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How To Draw Your Dragon...


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Some of us on the Forums participated in an event called Inktober. One of the Prompt Words was Dragon. So for the 12th  of October I did a Dragon. I took Work in Progress pictures, so I thought it might be fun to post them in the WIP section. (Finally getting around to posting them three months on.)

 

I posted some free advice about using ink markers in the Inktober thread and I followed some of my own advice to draw this. Trying to figure out how to quote that post...but it is not allowing it for unknown reasons. (First save)

 

Edit:

On 10/9/2019 at 12:33 PM, TGP said:

 

A few marker tricks/techniques:

  • Put the blob of marker colour down first. Then come back and clean up the edge with black outlining.
  • Try colouring on the BACK of tracing paper. It creates a muted version of the marker colour.
  • A bright white Prismacolor pencil is the go-to tool for adding highlights.
  • Dark outlining can be warm dark or cold dark instead of black. Try dark browns or a reflex blue/navy blue respectively.
  • Leave a touch of paper between an outline and the colour on some edges. This is another way to get a highlight, especially back-edge high lights.

 

There it is ^ I had to save; do a second post; which merged with the first post; and then edit. 

 

Right then, on with it, following my own advice... 

 

Step 1

Grab a mechanical pencil and outline the basic area where the Dragon is going to be. Mostly, this step is to make sure that the drawing doesn't run off the edge of the paper. But, there are a few key details like the eye location... the jaw...

 

There is no pic for this step. Sorry. It didn’t occur to me to do a step-by-step and the pencil lines were so faint because I used such a hard grade of lead it probably wouldn’t have shown up in the photo. 
 

# TGPTGP

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Step 2

Following the almost unseeable pencil lines (or at least treating them as a suggestion), take a huge, chisel pointed, red/orange marker (mine was a Sharpie Brand) and color in the whole dragon.  Avoid filling in the eye, leave some white spots...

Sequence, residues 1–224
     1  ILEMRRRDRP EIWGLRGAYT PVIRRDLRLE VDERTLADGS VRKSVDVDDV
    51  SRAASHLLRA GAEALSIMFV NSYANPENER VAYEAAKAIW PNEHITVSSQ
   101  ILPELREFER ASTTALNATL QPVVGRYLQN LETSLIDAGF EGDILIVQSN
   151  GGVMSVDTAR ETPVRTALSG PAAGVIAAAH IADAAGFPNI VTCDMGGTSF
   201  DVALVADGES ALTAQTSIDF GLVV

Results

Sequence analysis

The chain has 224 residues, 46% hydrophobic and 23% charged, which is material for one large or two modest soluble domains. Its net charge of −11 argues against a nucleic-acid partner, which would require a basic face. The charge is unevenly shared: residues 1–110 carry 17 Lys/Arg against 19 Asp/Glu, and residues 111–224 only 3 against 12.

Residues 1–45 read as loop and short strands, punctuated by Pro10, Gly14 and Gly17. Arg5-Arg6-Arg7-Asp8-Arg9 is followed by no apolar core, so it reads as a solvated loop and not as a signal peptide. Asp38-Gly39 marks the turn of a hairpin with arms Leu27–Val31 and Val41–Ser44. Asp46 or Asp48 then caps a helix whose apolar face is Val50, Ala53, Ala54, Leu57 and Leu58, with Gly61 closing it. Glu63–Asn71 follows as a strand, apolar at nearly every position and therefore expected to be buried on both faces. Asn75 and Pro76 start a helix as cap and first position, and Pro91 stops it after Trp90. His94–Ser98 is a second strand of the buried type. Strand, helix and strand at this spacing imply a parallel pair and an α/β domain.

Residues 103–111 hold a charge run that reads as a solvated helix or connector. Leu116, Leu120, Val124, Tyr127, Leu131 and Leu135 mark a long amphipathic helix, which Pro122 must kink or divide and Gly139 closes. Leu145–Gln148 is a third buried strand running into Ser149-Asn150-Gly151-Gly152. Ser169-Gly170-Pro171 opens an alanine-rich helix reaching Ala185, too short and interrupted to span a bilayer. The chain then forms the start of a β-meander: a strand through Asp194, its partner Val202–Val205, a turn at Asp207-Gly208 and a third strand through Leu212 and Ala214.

DD5B33C8-FEF0-44CB-B3AA-26B7ED913FC7.thumb.jpeg.36324439c8235c0764b4e237a543d6f9.jpeg

 

Also... spot a dark, dark, almost reflex Blue marker (in the box of markers) and get the idea to do some waves. (Originally, it was just going to be an S shaped sorta dragon bust...but then inspiration reared its silly head.) There is a bit more of the blue but it is hiding behind the cropped edge. 

Edited by TGP
fixing spacing
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Step 3

Next do the eye. If the eye goes wrong the whole thing will be a train wreck. So I did that first...if I had bombed out I would be out one sheeet of paper and some red ink.

 

The eye got some amber/goldenrod ink  and then it was defined and cleaned up with black. 

 

After that add an edge along the front. Throw some shadow ink where the nose is. Start defining the top edge of the snout. Fine and Ultra fine Sharpie matters are my friends for this:

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I didn’t crop away so much of the blue this time. Also, the idea to try to do ashes floating on the water had popped up by this point (instead of attempting sea-foam) better still, Ashes was a second  Inktober prompt word.